• Blood loss
  • Certain medications
  • Anaphylaxis (severe allergic reaction)
  • Certain heart problems
  • Problems with the endocrine system, such as hypothyroidism (underactive thyroid)
  • Low levels of iron, folate, or vitamin B-12
  • Septic shock (a severe response to an infection)


If you have just one or two low blood pressure readings, it’s typically not a problem. However, you should see a healthcare provider if you experience any symptoms of low blood pressure, such as:

  • Dizziness
  • Lightheadedness
  • Dehydration
  • Difficulty concentrating
  • Fatigue
  • Depression
  • Blurry vision
  • Clammy, cold skin
  • Difficulty breathing
  • Nausea
  • Fainting (syncope)

High Blood Pressure

High blood pressure, or hypertension, refers to systolic blood pressure that is consistently above 130mmHg or diastolic blood pressure that remains above 80mmHg.


Sometimes certain medications like steroids or estrogen-containing birth control pills or certain conditions like lupus or thyroid problems can cause hypertension. Once the medication is stopped or the condition treated, the blood pressure improves.

Most often, though, blood pressure develops over time. Risk factors for high blood pressure include:

  • Obesity
  • High salt intake
  • Lack of exercise
  • Excessive alcohol intake
  • Lack of good-quality sleep
  • Older age
  • Excessive caffeine intake


Over time, untreated high blood pressure can lead to a number of potential health complications, such as:

  • Stroke
  • Heart attack
  • Heart failure
  • Kidney disease
  • Kidney failure
  • Low libido
  • Heart disease
  • Vision problems

When to See a Healthcare Provider

If you notice consistently high readings when you monitor your blood pressure at home, reach out to a healthcare provider. They may recommend that you make lifestyle changes or prescribe medication to lower your blood pressure.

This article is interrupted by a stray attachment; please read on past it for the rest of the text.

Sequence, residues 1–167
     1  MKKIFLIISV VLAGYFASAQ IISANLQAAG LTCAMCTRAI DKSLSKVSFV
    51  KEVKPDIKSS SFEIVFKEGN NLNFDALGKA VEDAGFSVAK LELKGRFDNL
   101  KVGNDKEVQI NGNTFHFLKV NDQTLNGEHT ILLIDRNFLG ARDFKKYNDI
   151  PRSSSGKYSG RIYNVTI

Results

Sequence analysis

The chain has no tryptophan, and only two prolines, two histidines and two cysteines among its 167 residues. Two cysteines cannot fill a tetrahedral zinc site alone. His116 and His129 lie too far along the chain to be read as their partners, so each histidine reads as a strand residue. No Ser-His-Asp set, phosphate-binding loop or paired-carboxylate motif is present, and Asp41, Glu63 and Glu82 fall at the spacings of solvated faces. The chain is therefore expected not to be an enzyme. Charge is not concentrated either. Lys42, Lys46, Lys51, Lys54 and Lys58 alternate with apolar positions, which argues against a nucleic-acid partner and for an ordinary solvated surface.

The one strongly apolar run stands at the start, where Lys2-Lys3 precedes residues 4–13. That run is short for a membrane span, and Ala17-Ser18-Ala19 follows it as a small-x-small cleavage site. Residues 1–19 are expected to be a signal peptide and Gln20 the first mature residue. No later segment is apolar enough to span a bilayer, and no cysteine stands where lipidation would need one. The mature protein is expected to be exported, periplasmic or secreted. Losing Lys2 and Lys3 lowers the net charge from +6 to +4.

If your blood pressure reaches 180/120mmHg or higher more than once within a period of five or more minutes and you have any additional signs of a hypertensive crisis, seek immediate medical care. Symptoms of a hypertensive crisis include:

  • Chest pain
  • Difficulty breathing
  • Back pain
  • Numbness
  • Muscle weakness
  • Vision problems
  • Difficulty speaking

A Quick Review

A blood pressure chart is a helpful tool when trying to see what your blood pressure reading means. The American Heart Association and American College of Cardiology developed a blood pressure chart that adults can use as a reference when measuring their blood pressure at a healthcare office or home. The chart offers ranges of systolic and diastolic blood pressure and their corresponding blood pressure classifications: normal, elevated, hypertension stages 1 and 2, and hypertensive crisis. Based on the chart, normal blood pressure for adults is below 120/80mmHg. Children have different blood pressure charts. 

The chart alone cannot diagnose high or low blood pressure. But monitoring your blood pressure and consulting a blood pressure chart can help you protect your health. If your blood pressure levels are too high or too low, ask a healthcare provider about potential treatment options and lifestyle changes.

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Health.com uses only high-quality sources, including peer-reviewed studies, to support the facts within our articles. Read our editorial process to learn more about how we fact-check and keep our content accurate, reliable, and trustworthy.